That's what makes Boom Studios' new Peanuts: A Tribute to Charles M. Schulz so compelling. It's difficult to imagine what any other artist's version of the iconic characters might look like, but this book is full of them, and being faced with these characters divorced from their creator's designs is fascinating and at times even disconcerting. It's hard to look at the realistic image of Charlie Brown by Ryan Sook on the cover of the book, staring into the eyes of the "real" Charlie Brown, and not be a little freaked out, isn't it?
Halloween is almost here. In fact, it basically couldn’t be any closer because it’s All Hallow’s Eve. Or Devil’s Night if you’re a Crow fan. As you’re planning your spooky activities, mapping out your candy begging routes, and putting the finishing touches on your costumes, we’ve got one last treat Halloween treat for you! This ghoulish gallery devoted to everyone’s favorite shambling, abomination to medicine and religion, Frankenstein!
I don’t want to get too book report-y here, because you have access to Wikipedia for that, but Frankenstein’s grip on the public’s imagination, and more importantly how quickly and how long it’s held that grip, is something that cannot be undervalued or disregarded. Whatever reason has brought you here to look at these images, I’m going to assume at least part of it has to do with what place Frankenstein (or “Frankenstein’s Monster” if you’re one of those people) holds in your heart or your nightmares.
Over the course of the last several decades, James Bond has come across his fair share of villains. They’re some of the most colorful class of egomaniacs, sociopaths, thugs, dental problems, hat throwers, and femme fatales. This veritable cast of sometimes classy, sometimes crass criminals all present a unique challenge to Mr. Bond. Whether he’s tied to a chair, strapped a table, or hanging precariously over another death trap, Bond will often inevitably fall into his enemy’s clutches. Lucky for him they also tend to monologue for a while and then leave him alone with more than enough time to figure out how not to die in their precarious traps.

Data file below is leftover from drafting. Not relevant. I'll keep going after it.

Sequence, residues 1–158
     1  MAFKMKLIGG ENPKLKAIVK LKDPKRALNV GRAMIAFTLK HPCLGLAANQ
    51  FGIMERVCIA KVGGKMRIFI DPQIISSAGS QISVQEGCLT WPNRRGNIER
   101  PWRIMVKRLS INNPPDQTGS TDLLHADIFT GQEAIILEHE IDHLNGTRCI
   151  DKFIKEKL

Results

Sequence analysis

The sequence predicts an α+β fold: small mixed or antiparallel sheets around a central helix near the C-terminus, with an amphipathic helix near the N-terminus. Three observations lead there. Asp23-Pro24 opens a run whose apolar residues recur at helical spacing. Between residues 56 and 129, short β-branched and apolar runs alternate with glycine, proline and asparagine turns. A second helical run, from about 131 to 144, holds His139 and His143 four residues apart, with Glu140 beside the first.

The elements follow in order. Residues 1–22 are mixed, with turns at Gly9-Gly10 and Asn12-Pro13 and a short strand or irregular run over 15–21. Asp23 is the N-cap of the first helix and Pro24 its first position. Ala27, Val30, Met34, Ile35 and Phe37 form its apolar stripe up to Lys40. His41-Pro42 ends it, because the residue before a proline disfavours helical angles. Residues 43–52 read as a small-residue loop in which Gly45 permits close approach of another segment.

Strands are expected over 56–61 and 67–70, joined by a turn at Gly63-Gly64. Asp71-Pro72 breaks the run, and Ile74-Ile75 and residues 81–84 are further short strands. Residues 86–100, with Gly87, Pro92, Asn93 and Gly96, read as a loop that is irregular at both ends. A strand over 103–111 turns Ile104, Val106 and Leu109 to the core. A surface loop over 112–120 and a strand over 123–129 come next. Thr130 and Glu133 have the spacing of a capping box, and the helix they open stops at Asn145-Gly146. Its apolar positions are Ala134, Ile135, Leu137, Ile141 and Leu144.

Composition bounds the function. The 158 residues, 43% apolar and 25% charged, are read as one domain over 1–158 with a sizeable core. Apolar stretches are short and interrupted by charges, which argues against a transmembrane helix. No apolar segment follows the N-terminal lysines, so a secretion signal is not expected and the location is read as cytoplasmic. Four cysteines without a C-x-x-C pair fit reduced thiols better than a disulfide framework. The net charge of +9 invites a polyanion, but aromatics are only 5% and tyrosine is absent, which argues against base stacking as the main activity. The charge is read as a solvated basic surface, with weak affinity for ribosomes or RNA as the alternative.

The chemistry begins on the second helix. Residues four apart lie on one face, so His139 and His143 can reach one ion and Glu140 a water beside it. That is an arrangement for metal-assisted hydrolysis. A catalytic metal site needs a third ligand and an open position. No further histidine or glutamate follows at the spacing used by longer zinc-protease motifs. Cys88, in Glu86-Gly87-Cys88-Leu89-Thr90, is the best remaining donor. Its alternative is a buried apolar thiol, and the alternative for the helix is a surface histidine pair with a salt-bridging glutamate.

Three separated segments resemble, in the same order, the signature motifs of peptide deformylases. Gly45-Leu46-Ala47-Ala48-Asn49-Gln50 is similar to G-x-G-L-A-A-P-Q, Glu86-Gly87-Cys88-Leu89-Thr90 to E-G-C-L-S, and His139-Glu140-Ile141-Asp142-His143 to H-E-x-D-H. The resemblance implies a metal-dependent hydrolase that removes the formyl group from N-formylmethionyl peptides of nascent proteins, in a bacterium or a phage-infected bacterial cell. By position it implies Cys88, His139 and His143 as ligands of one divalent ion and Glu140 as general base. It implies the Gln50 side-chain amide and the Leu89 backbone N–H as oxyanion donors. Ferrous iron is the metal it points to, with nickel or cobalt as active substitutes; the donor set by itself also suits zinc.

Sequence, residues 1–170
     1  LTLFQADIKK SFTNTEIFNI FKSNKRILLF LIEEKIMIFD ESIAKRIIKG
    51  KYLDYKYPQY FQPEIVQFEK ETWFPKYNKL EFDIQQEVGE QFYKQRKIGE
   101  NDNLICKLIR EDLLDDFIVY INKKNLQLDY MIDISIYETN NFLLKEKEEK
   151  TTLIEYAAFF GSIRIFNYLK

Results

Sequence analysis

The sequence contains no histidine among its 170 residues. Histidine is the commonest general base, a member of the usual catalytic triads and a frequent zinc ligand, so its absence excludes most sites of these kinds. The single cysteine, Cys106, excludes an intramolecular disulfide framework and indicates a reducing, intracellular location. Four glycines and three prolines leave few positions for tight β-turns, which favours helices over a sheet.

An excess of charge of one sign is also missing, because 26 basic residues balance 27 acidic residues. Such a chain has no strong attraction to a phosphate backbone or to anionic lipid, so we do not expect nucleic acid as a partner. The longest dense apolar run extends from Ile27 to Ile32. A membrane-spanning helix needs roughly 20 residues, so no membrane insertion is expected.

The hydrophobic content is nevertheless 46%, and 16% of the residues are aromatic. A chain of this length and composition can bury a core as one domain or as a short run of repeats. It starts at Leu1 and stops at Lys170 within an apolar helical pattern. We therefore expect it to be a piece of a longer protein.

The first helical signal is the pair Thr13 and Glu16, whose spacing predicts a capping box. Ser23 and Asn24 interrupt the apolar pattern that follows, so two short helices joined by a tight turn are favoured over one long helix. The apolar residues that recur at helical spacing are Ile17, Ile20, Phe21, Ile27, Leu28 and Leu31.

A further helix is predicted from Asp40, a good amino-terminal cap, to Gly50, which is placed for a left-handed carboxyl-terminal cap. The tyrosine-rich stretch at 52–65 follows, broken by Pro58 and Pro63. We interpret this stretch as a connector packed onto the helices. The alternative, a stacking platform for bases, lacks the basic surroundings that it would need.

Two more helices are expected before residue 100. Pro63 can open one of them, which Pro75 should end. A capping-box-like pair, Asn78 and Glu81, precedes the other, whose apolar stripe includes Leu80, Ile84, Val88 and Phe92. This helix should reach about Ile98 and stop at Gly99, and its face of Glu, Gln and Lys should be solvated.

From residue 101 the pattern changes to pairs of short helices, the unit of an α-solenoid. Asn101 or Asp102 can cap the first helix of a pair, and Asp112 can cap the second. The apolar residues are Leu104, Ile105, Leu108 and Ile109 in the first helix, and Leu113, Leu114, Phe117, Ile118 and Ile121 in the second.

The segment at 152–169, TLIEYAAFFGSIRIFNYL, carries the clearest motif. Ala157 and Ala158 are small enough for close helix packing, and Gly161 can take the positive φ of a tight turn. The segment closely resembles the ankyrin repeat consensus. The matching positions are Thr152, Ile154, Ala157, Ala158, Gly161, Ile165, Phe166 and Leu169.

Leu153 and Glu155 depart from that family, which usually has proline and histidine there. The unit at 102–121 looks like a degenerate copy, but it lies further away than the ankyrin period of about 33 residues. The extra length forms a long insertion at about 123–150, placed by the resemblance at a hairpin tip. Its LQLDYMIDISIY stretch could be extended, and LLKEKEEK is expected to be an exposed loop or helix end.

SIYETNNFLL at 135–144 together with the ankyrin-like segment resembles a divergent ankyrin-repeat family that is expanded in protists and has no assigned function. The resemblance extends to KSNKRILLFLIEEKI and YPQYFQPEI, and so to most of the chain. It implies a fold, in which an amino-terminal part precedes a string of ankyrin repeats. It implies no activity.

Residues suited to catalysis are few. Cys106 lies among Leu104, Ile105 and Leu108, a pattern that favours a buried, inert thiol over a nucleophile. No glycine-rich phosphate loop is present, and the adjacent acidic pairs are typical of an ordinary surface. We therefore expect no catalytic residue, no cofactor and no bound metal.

Dr. No came out in 1962. It starred Sean Connery along with Ursula Andress as Honey Ryder and Joseph Wiseman as the nefarious Dr. No. More than fifty years later, Connery and several more 007s have worked their way through a cavalcade of bad boys and girls who just want to own the world, destroy the world, or do any other number of things that catch the iconic M16’s attention. Being around for so long, there’s no lack of infatuation with creating art based around this colorful cast. We scoured for some of the best the rabid fan base had to offer to the iconic spy universe. We hope you’ll enjoy this extensive gallery of Bond baddies.
2015 is the 30th anniversary of Jem (and, to a lesser extent, the Holograms), and with her outstanding new comic series from IDW in comic stores and her very first feature film hitting theaters nationwide, there’s no better time to celebrate our favorite hologram-powered, rock ‘n roll superhero!
Well, it’s been almost 26 years, but we’re finally here; October 21, 2015. This is the day in the far flung future that Marty McFly traveled to in 1989’s Back To The Future Part II; The impossibly distant future time where everyone would have hoverboards and flying cars. I assume you’re reading this as you put on your talking clothes, getting ready to eat your miraculously expanding pizzas.
OK, if the future isn't quite what we expected, at least we have this awesome collection of Back To The Future fan art to keep us entertained!